But back to the story: it is a wonderfully crafted story, but it simply isn't the same as the first book. You cannot help but be amazed at the ending, when you really learn about Mary like you never could have before. Enjoy the reading, and have fun!
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Format: Mass Market Paperback
Laurie King's preface explains that this "anonymous manuscript" was a difficult one to write for its author - filled with corrections and scratchings-out - and well it might be. Writing a novel featuring a combination of Sherlock Holmes, turn-of-the-century academia, feminism, theology (both Christian and Jewish) and a young woman is never going to be an easy task. King makes life significantly harder for herself by marrying Holmes and his partner Mary Russell at the end - a revelation which does not spoil the plot.
"A Monstrous Regiment Of Women" is still an engaging read. Holmes and Russell are as acerbic towards each other as they were in "The Beekeeper's Apprentice" and the plot takes its customary twists and turns. Where King falls down somewhat is in her attempts at infusing this second offering of the Mary Russell series with more overt feminism - in this case, via the charismatic preaching of the mysterious Margery Childe. The plot revolves around the mysterious deaths of women associated with Childe's organisation, and naturally the simplest way to solve it seems to be to infiltrate Russell into the organisation.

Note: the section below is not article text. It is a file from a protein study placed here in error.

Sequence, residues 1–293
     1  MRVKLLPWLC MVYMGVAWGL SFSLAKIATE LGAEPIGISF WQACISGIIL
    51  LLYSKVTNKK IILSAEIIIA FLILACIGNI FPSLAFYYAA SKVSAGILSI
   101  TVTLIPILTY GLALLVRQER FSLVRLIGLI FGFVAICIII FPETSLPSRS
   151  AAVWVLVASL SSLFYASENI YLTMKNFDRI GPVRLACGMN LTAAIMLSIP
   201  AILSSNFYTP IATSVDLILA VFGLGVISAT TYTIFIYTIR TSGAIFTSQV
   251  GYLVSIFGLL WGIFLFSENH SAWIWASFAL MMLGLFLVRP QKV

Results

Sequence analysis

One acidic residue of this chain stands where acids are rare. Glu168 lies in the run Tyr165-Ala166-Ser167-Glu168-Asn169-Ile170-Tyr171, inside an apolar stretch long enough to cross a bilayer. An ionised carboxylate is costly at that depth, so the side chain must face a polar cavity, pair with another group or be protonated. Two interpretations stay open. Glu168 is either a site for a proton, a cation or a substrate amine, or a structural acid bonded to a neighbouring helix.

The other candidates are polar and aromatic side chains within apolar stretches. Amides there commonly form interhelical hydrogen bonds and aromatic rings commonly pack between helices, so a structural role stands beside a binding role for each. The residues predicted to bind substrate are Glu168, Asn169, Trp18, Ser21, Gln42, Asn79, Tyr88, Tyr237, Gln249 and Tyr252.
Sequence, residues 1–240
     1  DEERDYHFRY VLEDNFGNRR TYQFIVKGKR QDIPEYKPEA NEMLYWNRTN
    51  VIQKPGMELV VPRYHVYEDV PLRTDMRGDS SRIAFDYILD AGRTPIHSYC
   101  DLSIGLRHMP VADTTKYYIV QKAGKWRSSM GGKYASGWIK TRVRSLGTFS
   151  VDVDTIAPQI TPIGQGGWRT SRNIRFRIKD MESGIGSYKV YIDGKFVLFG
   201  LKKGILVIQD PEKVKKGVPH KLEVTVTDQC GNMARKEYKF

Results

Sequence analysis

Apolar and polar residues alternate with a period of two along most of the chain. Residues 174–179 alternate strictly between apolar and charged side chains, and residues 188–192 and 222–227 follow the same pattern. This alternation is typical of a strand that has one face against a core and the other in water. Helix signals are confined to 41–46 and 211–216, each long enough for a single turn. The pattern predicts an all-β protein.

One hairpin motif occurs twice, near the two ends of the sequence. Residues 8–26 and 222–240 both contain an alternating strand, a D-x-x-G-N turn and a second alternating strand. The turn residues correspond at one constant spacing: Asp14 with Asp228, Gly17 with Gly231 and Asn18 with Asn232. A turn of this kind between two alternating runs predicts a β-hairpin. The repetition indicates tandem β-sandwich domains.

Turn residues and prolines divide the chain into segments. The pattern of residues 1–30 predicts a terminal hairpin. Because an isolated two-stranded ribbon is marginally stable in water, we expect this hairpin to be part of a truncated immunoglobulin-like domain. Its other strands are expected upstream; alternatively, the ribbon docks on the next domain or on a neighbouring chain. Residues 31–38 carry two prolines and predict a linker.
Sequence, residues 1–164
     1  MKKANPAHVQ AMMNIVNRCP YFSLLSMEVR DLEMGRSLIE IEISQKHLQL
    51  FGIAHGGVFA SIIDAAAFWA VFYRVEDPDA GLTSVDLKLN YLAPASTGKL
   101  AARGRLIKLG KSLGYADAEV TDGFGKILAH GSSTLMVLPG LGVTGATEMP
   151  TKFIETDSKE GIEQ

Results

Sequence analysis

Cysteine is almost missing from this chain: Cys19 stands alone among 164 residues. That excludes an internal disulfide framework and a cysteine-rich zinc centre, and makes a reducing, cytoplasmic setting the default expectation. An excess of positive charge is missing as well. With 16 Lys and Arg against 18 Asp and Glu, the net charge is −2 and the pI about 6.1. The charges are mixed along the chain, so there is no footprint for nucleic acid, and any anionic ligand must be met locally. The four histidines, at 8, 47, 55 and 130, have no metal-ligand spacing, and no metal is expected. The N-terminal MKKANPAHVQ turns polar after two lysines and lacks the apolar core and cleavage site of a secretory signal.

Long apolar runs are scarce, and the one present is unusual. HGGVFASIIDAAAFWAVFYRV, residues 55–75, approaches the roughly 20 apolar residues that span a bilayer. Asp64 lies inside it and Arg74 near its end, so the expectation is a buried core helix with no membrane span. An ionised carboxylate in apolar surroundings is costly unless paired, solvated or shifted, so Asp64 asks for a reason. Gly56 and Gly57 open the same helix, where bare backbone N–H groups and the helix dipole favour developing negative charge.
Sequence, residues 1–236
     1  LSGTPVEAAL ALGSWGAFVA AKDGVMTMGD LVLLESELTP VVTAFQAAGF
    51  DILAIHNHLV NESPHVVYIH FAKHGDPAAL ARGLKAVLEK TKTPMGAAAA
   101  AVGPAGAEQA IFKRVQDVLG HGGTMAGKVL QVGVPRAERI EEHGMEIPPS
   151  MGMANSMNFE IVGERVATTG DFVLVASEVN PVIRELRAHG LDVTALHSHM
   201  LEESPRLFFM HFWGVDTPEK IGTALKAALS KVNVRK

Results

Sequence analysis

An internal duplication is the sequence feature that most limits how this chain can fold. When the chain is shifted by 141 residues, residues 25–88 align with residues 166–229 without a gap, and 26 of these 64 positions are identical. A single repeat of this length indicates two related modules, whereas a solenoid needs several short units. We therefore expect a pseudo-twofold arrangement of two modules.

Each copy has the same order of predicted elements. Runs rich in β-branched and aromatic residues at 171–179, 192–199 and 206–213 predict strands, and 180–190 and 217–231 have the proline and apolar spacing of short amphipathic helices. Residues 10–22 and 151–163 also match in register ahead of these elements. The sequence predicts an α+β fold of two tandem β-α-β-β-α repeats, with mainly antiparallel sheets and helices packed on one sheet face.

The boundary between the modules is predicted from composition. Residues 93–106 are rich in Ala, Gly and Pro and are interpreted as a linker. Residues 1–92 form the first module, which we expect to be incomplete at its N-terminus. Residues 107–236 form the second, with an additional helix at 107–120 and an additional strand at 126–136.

As a plot itself, "Monstrous Regiment" is entertaining. Childe's refusal to explain some of the more miraculous events connected to her works from both a mystery standpoint and the standpoint of Russell's theological studies, and the two women engage in some interesting Biblical analysis. It is King's constant bludgeoning of the reader with the feminist doctrines which Childe and Russell have adopted which halts the progress of the plot. From a sociological perspective, such work may be of interest, however it has no need to become the focal point of so much of this novel.